Ea announced that it would be holding EA Play the weekend before E3, but that it would not be holding a press conference this year. Anyone hoping for five minutes of off-screen Star Wars footage, three minutes of a dev talking about what’s next for Anthem, and 17 years of coverage on EA Sports games, The Sims, and the rest of the usual suspects might end up pretty disappointed. But does the lack of a press conference even really matter? Daily Reaction has talked plenty about press conferences before. Have our thoughts changed at all four years on?
Press conferences are a marketing strategy for content delivery, but we’re increasingly seeing a shift to more focused and/or digital ways of delivering those same messages. Nintendo is a great example with Nintendo Directs. They don’t need to get a public venue, send out invites, or have other factors around what they want to say. They are still able to have a big production, but when most people are watching press conferences online anyway, there’s not a huge difference between Sony filling out seats in a theater and a Nintendo producing a video that they then hit play on.
E3 Press Conferences and the Battle for Attention
The other big problem with E3 press conferences is the crowded space for attention. E3 became this bombastic showcase because everyone wanted their games front and center. Then the bubble burst. They started inviting the public. Some publishers stopped attending altogether. Even Sony is stepping away from E3 entirely. They realized that the return is simply not worth the investment they make, especially if they don’t have much to show off this year. What, would we end up with another press conference showing off the same few games we’ve already seen and have been waiting for? It would just exacerbate the fact that we’ve been waiting for titles like Death Stranding, Ghost of Tsushima, and The Last of Us Part II and have to wait even longer.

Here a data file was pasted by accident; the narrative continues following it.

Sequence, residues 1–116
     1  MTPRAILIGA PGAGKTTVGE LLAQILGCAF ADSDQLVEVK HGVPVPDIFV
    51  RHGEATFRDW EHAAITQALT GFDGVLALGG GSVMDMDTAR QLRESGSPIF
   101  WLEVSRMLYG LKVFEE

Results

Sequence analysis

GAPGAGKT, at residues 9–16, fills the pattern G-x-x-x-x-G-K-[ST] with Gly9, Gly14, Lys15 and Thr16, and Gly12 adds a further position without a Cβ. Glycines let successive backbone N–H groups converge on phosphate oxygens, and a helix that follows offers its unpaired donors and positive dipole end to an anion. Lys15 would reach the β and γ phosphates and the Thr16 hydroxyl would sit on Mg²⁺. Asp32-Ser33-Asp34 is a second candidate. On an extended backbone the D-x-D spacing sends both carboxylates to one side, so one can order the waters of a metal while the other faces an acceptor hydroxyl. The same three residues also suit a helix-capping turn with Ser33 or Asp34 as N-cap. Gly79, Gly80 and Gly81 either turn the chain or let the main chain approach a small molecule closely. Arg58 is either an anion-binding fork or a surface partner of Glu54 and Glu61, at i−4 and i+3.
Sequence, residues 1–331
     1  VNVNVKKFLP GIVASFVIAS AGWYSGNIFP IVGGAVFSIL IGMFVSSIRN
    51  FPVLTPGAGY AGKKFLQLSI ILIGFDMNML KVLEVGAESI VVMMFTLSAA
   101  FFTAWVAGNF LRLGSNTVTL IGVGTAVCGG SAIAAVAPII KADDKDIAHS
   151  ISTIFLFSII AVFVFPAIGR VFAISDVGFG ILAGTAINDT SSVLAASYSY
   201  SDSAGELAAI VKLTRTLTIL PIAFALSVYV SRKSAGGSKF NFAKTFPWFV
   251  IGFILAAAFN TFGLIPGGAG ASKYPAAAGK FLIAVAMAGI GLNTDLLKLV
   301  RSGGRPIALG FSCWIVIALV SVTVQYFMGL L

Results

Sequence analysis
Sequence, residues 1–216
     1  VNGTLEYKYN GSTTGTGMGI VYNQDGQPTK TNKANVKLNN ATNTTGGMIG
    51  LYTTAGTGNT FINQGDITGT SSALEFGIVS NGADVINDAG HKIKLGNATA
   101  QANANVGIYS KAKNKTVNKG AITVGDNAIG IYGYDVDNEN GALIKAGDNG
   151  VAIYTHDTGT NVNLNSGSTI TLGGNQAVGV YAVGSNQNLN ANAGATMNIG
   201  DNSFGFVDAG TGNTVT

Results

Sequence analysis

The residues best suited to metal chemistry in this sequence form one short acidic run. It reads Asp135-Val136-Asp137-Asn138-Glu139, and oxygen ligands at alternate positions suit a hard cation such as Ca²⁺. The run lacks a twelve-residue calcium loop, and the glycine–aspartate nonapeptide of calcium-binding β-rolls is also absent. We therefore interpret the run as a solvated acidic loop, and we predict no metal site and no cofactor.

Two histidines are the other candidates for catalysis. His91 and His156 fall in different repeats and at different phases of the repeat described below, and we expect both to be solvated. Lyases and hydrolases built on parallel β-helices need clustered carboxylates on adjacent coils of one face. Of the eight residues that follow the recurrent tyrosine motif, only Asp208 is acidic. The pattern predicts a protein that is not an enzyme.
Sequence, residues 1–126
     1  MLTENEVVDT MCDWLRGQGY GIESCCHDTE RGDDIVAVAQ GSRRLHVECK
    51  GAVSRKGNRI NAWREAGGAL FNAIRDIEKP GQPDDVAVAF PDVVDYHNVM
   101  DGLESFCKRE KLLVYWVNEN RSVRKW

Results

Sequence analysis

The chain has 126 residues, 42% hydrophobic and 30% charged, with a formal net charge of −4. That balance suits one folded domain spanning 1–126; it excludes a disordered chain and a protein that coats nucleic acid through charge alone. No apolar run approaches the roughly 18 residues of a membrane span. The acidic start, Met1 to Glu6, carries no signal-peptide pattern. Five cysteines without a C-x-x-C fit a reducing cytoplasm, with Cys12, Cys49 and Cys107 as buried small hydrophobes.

There’s also the fact that Sony themselves (and likely many publishers) are winding down their releases on this generation of console. I don’t expect that we’ll see too many more surprises within the PS4’s lifetime. The next big “surprise” I think we’ll see from Sony is the reveal of a new console, not significant new games.
EA’s press conference doesn’t seem like a huge loss to me. They’ll have the games on hand at EA Play. They’ll likely do some smaller livestreams to showcase specific content to a more targeted audience. But they aren’t going to be blasting out their full library of games to a broad audience that’s often there just to see one or two things, as opposed to the whole EA catalog. If I can watch a short Star Wars announcement or something quickly about a new Plants vs Zombies: Garden Warfare, I’d much prefer that over parsing through an hour of content just to find that five or ten minutes I care about. Realistically they have so little to show off that it’s kind of the same reason you don’t see Activision E3 press conferences. They simply partnered with Sony for the last few years to show off their games.
Speaking of the PlayStation stage, Sony’s is a bit bigger of a loss, especially when they used to have press conferences as a platform holder and showcase tons of indie and third-party games as well as their own. It was a great stage for games that might not otherwise get the spotlight, but even their press conferences in recent years have focused far more heavily on first-party titles. I’m sure that the marketing spend that would be going to last year’s PSX and this year’s E3 is instead being evaluated for a console reveal event sometime within the next year.